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Long-Term Risk of Recurrence, Morbidity and Mortality in Giant Cell Myocarditis

Giant cell myocarditis (GCM) is a rare disorder in which survival beyond 1 year without heart transplantation is uncommon. Long-term follow-up data on those with such survival are lacking. Twenty-six patients with biopsy-proved GCM who survived for > 1 year without heart transplantation were identified from a multicenter GCM registry. The incidence
of death, transplantation, ventricular assist device placement, and histologically proved disease recurrence was ascertained retrospectively. The rates of recurrent heart failure, ventricular arrhythmias, renal failure, and infectious complications were calculated. The mean age of the cohort was 54.6 ± 13.9 years (65% women). The mean follow-up duration was 5.5 years starting 1 year after diagnosis. There were 3 deaths (12%), 5
heart transplantations (19%), and 1 ventricular assist device placement (4%). Three histologically confirmed recurrences of GCM (12%) occurred between 1.5 and 8 years after diagnosis. Thirteen of 26 patients experienced a total of 30 heart failure episodes ≥1 year after initial diagnosis. There were 23 episodes of elevated creatinine in 12 patients, 41 infectious
events in 13 patients, and 19 episodes of ventricular arrhythmias in 6 patients with a total of 144 years of follow-up. Starting 1 year after GCM diagnosis, the combined rate of death, transplantation, ventricular assist device placement, and GCM recurrence was 47% at 5 years. In conclusion, the risk for GCM recurrence continues to ≥ 8 years after diagnosis.

Cardio-Oncology
Infective Endocarditis
Myocardial Disease
Pericardial Disease
Genomics
Cardiac Cellular Biology
Nutritional Heart Disease


Giant cell myocarditis (GCM) is a rare disorder in which survival beyond 1 year without heart transplantation is uncommon. Long-term follow-up data on those with such survival are lacking. Twenty-six patients with biopsy-proved GCM who survived for > 1 year without heart transplantation were identified from a multicenter GCM registry. The incidence
of death, transplantation, ventricular assist device placement, and histologically proved disease recurrence was ascertained retrospectively. The rates of recurrent heart failure, ventricular arrhythmias, renal failure, and infectious complications were calculated. The mean age of the cohort was 54.6 ± 13.9 years (65% women). The mean follow-up duration was 5.5 years starting 1 year after diagnosis. There were 3 deaths (12%), 5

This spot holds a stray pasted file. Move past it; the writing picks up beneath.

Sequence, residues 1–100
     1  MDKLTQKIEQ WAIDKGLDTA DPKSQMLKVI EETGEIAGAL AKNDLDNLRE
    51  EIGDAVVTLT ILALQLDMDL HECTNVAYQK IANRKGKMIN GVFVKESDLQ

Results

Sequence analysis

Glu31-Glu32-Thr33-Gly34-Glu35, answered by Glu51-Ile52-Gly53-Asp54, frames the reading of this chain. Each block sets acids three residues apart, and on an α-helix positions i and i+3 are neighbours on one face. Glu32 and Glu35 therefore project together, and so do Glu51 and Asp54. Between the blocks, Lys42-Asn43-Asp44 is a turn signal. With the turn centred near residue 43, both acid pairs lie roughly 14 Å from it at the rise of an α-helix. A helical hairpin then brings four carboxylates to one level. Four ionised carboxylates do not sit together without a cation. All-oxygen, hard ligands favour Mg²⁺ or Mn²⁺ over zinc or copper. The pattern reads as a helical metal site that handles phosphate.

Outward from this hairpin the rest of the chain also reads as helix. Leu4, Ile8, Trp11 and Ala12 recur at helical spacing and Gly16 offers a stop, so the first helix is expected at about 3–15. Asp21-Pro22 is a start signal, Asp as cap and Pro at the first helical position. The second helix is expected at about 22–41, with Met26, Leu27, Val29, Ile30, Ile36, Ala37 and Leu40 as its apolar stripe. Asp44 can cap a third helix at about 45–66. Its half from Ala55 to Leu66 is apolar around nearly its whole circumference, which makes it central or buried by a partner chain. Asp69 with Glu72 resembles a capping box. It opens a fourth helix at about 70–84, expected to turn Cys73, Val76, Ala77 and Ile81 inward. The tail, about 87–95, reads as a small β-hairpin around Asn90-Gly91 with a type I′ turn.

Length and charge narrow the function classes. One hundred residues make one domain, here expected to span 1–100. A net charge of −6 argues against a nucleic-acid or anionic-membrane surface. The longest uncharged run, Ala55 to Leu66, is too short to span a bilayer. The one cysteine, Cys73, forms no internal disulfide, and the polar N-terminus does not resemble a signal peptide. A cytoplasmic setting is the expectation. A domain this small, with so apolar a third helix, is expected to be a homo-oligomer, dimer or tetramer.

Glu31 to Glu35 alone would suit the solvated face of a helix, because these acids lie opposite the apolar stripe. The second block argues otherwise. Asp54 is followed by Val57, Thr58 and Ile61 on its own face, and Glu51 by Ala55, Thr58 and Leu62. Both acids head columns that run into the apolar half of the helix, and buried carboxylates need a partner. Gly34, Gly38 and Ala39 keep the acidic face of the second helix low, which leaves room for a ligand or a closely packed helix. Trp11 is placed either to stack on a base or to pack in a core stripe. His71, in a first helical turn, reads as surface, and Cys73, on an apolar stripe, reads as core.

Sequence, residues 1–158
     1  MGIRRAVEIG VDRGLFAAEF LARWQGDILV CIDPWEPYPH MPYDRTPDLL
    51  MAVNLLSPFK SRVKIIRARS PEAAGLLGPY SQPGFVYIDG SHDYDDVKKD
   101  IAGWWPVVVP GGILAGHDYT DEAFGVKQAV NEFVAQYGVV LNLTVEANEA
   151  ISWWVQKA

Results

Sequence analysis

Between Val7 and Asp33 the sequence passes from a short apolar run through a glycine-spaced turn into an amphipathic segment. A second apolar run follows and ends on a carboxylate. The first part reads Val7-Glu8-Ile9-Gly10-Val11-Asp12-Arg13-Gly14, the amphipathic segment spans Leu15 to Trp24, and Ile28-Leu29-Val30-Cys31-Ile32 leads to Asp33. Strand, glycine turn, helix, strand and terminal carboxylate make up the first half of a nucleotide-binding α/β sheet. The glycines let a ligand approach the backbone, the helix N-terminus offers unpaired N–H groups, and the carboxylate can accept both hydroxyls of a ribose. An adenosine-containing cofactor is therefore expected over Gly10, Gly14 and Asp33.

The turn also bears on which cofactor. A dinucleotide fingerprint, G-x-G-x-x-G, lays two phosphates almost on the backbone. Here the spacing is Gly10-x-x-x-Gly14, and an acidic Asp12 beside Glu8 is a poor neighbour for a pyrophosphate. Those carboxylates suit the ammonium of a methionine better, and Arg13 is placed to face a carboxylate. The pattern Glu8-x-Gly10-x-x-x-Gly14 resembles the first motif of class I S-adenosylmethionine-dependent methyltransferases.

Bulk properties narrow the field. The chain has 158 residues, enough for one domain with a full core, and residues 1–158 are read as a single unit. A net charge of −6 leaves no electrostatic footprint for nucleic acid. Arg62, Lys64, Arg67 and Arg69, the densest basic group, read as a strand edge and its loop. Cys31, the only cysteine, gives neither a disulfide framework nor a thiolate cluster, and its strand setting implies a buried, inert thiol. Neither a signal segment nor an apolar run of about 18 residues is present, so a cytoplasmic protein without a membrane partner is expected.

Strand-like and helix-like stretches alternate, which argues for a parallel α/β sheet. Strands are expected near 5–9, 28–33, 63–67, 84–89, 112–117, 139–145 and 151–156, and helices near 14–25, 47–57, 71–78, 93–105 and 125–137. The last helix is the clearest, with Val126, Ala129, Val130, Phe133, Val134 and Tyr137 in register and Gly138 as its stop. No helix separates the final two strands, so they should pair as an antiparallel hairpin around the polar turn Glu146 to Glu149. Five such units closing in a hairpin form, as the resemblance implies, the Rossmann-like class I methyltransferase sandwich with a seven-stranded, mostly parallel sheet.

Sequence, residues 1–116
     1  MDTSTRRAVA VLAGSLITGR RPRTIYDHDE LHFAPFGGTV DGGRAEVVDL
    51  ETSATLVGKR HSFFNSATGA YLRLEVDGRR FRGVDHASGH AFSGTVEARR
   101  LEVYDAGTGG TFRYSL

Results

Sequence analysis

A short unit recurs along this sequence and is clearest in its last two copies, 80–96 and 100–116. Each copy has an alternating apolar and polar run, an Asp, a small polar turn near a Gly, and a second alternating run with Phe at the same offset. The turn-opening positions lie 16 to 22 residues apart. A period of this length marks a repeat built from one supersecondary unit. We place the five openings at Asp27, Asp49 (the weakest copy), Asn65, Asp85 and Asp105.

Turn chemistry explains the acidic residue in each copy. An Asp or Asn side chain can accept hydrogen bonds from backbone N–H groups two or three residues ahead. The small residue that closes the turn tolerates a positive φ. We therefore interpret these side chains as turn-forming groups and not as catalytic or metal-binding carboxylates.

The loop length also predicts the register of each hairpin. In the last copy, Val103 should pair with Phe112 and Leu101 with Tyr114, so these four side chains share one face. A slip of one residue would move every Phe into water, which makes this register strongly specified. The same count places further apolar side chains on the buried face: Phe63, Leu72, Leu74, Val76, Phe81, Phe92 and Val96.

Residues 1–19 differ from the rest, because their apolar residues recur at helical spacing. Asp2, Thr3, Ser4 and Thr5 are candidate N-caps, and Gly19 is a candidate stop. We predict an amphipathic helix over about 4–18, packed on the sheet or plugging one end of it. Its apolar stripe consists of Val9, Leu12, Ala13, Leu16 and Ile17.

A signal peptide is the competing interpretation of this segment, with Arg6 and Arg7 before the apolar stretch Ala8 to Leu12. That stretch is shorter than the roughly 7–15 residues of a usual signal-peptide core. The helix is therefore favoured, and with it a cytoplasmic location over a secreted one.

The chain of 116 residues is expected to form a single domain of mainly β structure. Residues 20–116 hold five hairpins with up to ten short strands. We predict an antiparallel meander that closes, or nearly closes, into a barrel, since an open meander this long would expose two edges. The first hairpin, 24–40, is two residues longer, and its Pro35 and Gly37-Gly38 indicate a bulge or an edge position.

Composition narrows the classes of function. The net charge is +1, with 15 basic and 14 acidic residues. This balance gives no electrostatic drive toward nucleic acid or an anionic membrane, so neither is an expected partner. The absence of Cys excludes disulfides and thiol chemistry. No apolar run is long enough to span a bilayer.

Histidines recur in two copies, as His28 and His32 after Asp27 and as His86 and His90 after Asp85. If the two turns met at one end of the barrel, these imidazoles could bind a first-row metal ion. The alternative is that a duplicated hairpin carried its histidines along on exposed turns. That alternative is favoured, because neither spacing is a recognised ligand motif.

heart transplantations (19%), and 1 ventricular assist device placement (4%). Three histologically confirmed recurrences of GCM (12%) occurred between 1.5 and 8 years after diagnosis. Thirteen of 26 patients experienced a total of 30 heart failure episodes ≥1 year after initial diagnosis. There were 23 episodes of elevated creatinine in 12 patients, 41 infectious
events in 13 patients, and 19 episodes of ventricular arrhythmias in 6 patients with a total of 144 years of follow-up. Starting 1 year after GCM diagnosis, the combined rate of death, transplantation, ventricular assist device placement, and GCM recurrence was 47% at 5 years. In conclusion, the risk for GCM recurrence continues to ≥ 8 years after diagnosis.

References


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Notes to editor


Joseph J. Maleszewski, MD a,b,*, Victor M. Orellana, MDc, David O. Hodge, MSd, Uwe Kuhl, MDe, Heinz-Peter Schultheiss, MDe, and Leslie T. Cooper, MDb
Divisions of aAnatomic Pathology and bCardiovascular Diseases and dDepartment of Health Sciences Research, Mayo Clinic, Rochester, Minnesota; cDepartment of Medicine, Alpert Medical School, Brown University, Providence, Rhode Island; and eDepartment of Cardiology, Charite Hospital, Benjamin Franklin Campus, Berlin, Germany
Am J Cardiol. 2015 Mar 24. pii: S0002-9149(15)00978-9. doi: 10.1016/j.amjcard.2015.03.023.

Presented by Alida LP Caforio, MD, PhD, FESC, Cardiology, Dept of Cardiological Thoracic and Vascular Sciences, University of Padova, Italy. alida.caforio@unipd.it

The content of this article reflects the personal opinion of the author/s and is not necessarily the official position of the European Society of Cardiology.